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Succeed in Your Career by Setting These 7 Goals

As the new year rolls in many people have fitness oriented goals, or wish to spend more time with their families. It is also a good time for people to make plans for their future career success.

Mark McCormack wrote a book that touches on goal setting: What They Don’t Teach You At Harvard Business School. This book gives details concerning a study that took place in 1979. The study was purported to show that students in the Harvard MBA program who set goals ended up making double to ten times as much money as those who did not.

Not so Fast…

This study may not have actually taken place as modern researchers cannot find any written evidence, and in fact some people have claimed that setting goals does not impact future earnings at all.

Goals Still Matter

This does not mean that goals should be neglected, but you should not attempt to set yourself up for automatic success through them either. Goals can keep you on track and promote career growth. Consider the following examples of career oriented goals:

1. Personal Assessment

Studying your performance with an unbiased eye may be difficult, but you can try to review your current work situation to see what you are doing well, and what you can improve. Think of it as a personal critique to prepare you for an assessment from your supervisor.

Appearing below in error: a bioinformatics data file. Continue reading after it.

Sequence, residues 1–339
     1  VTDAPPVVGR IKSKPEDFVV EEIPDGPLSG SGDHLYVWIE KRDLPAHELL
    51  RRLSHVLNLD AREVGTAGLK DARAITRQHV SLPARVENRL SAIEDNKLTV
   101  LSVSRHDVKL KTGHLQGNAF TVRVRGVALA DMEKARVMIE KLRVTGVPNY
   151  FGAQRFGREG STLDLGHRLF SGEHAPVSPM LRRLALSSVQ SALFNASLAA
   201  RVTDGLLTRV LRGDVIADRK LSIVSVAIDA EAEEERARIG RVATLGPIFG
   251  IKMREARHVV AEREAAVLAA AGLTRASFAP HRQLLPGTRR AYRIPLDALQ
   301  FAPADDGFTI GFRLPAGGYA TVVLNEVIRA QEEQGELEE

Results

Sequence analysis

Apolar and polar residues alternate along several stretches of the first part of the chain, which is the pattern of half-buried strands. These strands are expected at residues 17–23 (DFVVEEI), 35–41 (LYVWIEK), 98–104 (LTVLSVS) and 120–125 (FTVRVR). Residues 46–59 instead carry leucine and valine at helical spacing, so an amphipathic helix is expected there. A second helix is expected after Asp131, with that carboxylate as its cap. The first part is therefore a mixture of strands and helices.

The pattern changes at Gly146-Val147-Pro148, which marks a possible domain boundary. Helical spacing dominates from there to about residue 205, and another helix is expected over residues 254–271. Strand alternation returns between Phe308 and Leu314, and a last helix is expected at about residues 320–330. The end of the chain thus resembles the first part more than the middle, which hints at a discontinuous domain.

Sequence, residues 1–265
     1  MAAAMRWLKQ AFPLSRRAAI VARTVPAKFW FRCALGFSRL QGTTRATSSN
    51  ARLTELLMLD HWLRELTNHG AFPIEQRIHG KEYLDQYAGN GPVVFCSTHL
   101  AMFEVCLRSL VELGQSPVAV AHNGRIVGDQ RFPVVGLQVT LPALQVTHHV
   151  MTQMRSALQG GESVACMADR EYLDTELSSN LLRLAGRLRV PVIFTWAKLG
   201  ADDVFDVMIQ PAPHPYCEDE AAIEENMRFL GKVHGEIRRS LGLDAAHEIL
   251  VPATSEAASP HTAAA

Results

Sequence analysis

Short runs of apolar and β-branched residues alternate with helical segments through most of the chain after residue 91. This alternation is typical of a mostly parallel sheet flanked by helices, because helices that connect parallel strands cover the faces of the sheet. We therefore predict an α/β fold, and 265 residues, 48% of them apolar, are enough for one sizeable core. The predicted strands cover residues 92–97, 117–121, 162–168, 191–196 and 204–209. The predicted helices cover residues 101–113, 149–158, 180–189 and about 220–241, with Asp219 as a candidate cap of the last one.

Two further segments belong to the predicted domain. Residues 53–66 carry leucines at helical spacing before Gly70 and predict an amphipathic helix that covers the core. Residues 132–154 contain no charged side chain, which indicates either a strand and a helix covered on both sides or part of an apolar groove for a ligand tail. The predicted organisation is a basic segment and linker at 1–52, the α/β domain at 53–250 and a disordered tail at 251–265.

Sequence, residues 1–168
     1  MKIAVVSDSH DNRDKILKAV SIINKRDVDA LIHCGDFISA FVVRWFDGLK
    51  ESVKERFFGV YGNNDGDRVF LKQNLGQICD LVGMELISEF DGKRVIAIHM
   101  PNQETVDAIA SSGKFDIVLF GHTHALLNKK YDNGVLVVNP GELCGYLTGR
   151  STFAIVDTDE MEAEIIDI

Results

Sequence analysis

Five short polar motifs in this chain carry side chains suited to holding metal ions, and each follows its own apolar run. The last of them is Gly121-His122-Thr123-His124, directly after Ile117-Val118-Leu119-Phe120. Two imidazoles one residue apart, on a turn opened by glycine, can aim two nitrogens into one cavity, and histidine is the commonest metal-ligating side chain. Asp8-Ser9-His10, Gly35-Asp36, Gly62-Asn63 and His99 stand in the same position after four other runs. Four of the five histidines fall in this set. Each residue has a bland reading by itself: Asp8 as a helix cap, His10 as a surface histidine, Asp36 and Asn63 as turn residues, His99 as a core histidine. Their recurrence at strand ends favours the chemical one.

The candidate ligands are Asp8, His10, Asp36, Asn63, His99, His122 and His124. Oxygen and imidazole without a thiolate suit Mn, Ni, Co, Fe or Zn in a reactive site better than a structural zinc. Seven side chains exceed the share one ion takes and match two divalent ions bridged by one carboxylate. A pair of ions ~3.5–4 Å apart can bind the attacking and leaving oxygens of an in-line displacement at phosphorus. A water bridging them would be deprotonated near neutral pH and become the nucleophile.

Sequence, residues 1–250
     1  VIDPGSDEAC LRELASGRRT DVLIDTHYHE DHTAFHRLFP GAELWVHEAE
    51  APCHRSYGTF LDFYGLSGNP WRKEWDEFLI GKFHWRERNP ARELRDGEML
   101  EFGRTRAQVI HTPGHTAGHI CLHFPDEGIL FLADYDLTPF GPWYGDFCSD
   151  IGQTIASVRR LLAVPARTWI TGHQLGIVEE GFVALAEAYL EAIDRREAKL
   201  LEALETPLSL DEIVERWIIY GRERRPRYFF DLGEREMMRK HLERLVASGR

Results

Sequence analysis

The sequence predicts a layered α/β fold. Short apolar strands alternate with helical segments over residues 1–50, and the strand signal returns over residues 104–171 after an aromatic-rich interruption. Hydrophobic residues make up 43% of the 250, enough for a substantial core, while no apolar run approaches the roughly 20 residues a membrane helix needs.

2.  Improve Your Skills

One of the single best goals you can set for your future career is to improve one or more skills associated with your job. This can give you an edge and increase your performance and productivity. As a slew of elearning practices make their way on the scene, staying up to date with your favorite elearning blog is a great way to keep up with relevant and emerging trends.

3. Keeping Track of Your Accomplishments

Having a current list of awards, accomplishments, and official commendations is great for when you need to write written assessments of your performance, would like to ask for a raise, and seeing how you have improved.

4. Figuring Out the Value of Your Work

Depending on your skills, knowledge, and experience, the value of your work and your time could be more or less than your coworker’s. Figuring out how much you are worth is a good way to negotiate a raise or to know when you should seek different employment opportunities.

5. Building Your Network

Networking is important in most business situations. Your connections, friends, and colleagues are great resources to turn to when you need help, or would like to begin a new project.

6. Negotiate Your Pay

If you have discovered that your time and work is worth more than what you are being currently paid, make a plan to negotiate for a raise. Your company may not be able to meet your demands, but as they say, the squeaky wheel gets the grease. Make sure you respectfully make your wishes known.

7. Make Time for Rest

Relaxing can decrease stress, depression, and work related anxiety. Resting can increase your efficiency when you go back to being busy.

Goals That Produce Results

As mentioned above, these goals cannot necessarily create a failure-free environment, but they can give your career a boost. Setting performance oriented goals is the best way that you can work toward getting a raise.

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